The US Government will move to zero trust security by 2024. Is your business ready?
The US Government has put in motion a strategy for zero trust security, which applies to every federal agency and their suppliers.
The zero trust security model has become a cornerstone of information security in response to an increasingly sophisticated threat landscape. It is a collection of concepts and technical measures intended to minimize uncertainty when enforcing access controls to information systems. The goal is to prevent unauthorized access to data by making enforcement as granular as possible.
While there are several zero trust maturity models for businesses to follow, the most widely recognized in the US is the Cybersecurity & Infrastructure Security Agency’s (CISA) Zero Trust Maturity Model. This is based on the globally recognized best practices and standards codified by the National Institute of Standards and Technology (NIST), specifically in the NIST Special Publication 800-207.
What is Executive Order 14 028?
Executive Order 14 028 was signed by Biden on May 12, 2021, with the intention of bolstering the nation’s cybersecurity. It was a response to the many high-profile ransomware attacks and data breaches of the past few years, such as the SolarWinds hack and Microsoft Exchange server vulnerabilities. The order marks the US Government’s shift towards zero trust security, presenting a major policy change that aims to help standardize cybersecurity in both the public and private sectors.
The order applies to all federal agencies and their suppliers. Among the biggest challenges of the order was that it imposed a 60-day deadline on federal agencies to create plans for implementing a zero trust security framework in accordance with NIST SP 809-207.
How does zero trust security work?
An earlier memo released by the National Security Agency (NSA) in February 2021 describes a zero trust security framework as one that eliminates trust in any one element, node, or service and also assumes that a breach is inevitable. As such, the power of zero trust security hinges on concepts like continuous verification and the principle of least privilege to limit access to only the data that a device, service, or user needs to perform their roles.
Zero trust security presents a significant departure from legacy security models, which revolve around the concept of a perimeter. In these environments, once a device, service, or end user is already inside a network, they are considered trusted. However, in the distributed computing environments that almost all organizations rely on today, the idea of a perimeter has become largely irrelevant. Most importantly, with perimeter-based security, an attacker only needs to find their way past the perimeter, after which they will be free to move laterally throughout the network. By contrast, zero trust follows the principle of never trust and always verify to ensure a user is who they say they are and that their own account has not been compromised.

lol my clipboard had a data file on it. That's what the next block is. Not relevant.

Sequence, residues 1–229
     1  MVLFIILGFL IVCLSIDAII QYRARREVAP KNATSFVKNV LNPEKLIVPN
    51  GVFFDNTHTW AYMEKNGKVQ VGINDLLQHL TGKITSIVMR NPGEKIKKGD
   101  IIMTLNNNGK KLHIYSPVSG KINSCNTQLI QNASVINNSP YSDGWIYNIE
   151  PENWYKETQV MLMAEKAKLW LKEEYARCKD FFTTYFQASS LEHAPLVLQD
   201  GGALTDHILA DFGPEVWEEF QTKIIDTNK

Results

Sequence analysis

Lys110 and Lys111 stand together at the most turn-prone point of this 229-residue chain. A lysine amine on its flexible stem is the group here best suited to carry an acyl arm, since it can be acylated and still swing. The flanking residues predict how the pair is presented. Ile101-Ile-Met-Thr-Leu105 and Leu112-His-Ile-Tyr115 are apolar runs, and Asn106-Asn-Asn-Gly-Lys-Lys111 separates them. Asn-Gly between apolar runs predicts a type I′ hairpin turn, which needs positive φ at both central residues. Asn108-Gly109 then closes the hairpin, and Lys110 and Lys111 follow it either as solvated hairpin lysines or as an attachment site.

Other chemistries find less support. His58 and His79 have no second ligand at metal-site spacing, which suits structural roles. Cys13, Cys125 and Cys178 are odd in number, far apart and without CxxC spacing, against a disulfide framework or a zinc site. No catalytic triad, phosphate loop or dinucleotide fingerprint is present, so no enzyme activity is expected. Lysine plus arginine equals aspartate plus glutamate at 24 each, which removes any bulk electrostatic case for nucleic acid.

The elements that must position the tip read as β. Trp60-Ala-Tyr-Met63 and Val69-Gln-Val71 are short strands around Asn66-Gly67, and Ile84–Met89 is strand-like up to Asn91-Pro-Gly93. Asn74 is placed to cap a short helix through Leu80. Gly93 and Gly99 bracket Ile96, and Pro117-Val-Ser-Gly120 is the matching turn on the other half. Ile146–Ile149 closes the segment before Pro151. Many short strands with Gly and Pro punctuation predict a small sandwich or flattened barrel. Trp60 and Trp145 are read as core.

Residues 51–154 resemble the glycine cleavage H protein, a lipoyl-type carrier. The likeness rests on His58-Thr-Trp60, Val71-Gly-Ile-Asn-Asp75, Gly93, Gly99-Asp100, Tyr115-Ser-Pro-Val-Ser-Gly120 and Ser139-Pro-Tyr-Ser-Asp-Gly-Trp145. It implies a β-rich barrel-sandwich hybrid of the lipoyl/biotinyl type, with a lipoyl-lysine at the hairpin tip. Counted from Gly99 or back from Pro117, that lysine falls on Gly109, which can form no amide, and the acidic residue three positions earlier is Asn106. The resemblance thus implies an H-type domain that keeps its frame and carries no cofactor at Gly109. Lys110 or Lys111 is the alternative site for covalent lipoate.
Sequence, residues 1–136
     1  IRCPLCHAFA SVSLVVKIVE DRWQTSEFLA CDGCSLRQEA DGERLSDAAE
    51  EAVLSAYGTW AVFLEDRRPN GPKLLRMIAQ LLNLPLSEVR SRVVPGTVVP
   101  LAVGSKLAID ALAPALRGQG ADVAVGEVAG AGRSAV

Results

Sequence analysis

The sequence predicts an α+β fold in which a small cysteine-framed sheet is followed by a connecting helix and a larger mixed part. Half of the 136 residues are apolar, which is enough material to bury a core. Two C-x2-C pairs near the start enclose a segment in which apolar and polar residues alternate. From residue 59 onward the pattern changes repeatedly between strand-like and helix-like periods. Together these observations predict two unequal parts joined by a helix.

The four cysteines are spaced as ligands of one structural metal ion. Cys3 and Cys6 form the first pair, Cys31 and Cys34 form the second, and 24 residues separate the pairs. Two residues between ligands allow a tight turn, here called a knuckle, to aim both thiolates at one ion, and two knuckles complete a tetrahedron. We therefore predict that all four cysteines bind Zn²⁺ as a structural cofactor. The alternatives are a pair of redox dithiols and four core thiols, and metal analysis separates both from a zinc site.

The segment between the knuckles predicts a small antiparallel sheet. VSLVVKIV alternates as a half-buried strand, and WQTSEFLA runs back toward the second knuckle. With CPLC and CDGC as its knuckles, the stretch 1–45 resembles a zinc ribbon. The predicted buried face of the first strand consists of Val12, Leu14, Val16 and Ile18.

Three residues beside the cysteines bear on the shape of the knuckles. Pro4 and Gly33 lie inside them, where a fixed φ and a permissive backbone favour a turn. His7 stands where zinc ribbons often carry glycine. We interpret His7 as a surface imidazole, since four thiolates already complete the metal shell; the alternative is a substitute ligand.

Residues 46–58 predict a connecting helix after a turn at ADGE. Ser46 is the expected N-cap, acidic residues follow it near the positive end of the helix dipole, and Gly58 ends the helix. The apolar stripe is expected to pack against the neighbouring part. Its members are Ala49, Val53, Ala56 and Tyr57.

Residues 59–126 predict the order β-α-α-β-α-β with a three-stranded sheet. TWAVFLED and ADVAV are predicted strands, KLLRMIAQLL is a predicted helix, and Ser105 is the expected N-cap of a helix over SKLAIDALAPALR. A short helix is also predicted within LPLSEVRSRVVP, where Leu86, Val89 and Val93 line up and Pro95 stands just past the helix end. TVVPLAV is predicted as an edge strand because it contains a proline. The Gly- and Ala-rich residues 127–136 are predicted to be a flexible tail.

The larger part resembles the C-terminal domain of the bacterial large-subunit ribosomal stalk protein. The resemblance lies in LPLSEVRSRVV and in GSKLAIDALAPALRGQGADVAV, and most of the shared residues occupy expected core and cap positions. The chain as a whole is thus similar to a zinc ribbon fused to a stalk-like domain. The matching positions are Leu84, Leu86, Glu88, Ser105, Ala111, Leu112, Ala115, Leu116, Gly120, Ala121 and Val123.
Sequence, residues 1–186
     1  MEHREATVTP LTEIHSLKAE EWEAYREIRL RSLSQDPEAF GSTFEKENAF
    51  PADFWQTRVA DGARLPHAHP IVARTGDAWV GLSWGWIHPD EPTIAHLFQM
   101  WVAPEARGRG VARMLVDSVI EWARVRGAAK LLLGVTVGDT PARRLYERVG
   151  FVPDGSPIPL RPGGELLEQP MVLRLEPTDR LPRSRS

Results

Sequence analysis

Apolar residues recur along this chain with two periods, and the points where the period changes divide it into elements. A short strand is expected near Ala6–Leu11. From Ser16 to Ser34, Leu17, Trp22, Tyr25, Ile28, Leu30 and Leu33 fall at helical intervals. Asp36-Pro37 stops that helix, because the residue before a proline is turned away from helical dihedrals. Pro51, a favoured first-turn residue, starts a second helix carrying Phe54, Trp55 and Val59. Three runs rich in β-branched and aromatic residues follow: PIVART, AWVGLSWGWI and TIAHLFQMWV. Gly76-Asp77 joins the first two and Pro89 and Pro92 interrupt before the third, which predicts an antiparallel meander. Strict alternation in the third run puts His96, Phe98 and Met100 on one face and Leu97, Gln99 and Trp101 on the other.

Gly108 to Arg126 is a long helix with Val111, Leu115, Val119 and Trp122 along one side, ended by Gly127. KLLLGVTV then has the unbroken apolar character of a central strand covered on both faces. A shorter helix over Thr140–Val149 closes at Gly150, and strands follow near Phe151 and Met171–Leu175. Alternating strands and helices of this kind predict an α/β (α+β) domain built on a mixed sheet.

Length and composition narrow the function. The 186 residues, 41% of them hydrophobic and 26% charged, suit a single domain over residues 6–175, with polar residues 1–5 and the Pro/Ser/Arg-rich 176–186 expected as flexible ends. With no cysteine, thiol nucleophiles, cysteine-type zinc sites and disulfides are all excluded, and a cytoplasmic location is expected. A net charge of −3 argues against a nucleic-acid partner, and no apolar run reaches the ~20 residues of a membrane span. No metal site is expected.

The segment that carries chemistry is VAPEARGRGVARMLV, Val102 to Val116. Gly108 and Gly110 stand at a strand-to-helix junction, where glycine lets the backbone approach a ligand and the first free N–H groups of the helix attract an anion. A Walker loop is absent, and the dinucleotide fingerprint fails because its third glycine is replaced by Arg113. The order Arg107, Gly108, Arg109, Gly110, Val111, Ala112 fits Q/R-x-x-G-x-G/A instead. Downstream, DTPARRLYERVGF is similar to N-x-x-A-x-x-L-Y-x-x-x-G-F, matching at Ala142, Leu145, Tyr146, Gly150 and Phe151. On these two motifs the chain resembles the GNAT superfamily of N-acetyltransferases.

Although zero trust security should be applied to all systems that collect, process, or store any sensitive data, organizations should be especially mindful of how it effects their collaboration and communications platforms. After all, platforms like WhatsApp, Slack, and Microsoft Teams are common attack vectors for social engineering scammers using compromised accounts to dupe unsuspecting victims into surrendering sensitive information or downloading malware. In other words, you cannot automatically trust everyone who has access to the platform, just because they managed to log in.
Implementing a framework
Zero trust security is not a specific type of technical solution. It is a set of fundamental concepts that include explicit verification, least privilege access, and the assumption that the system in question has already been breached.
Explicit verification means that one-time validation is insufficient. Instead, all access attempts will need to be verified by at least two authentication factors before they can access the system and continuously verified throughout the session. For example, a user might be logged in to the system, but if their IP address suddenly changes, it might suggest that the device being used to access the service has been misappropriated. As such, zero trust policies rely on real-time visibility into user access sessions.
The principle of least privilege holds that no user or device should ever have access to data that they do not explicitly need to perform their roles. This stops attackers from moving laterally through a network. For example, there is no need for marketing teams to have access to the company’s financial accounts.
Finally, implementing zero trust requires a shift in mindset. In order to minimize the blast radius of an attack, you must always assume that your systems have already been breached. This ensures you take a proactive, rather than a purely reactive, approach to security.
By applying these principles to your business communication and collaboration systems, you can better protect your most valuable assets and achieve the standards mandated by the US government’s executive order.
Worldr brings zero trust security to your existing communications. Our solutions help you meet the demands of a constantly evolving regulatory landscape and adhere to new data protection laws. Get in touch today to request your demo.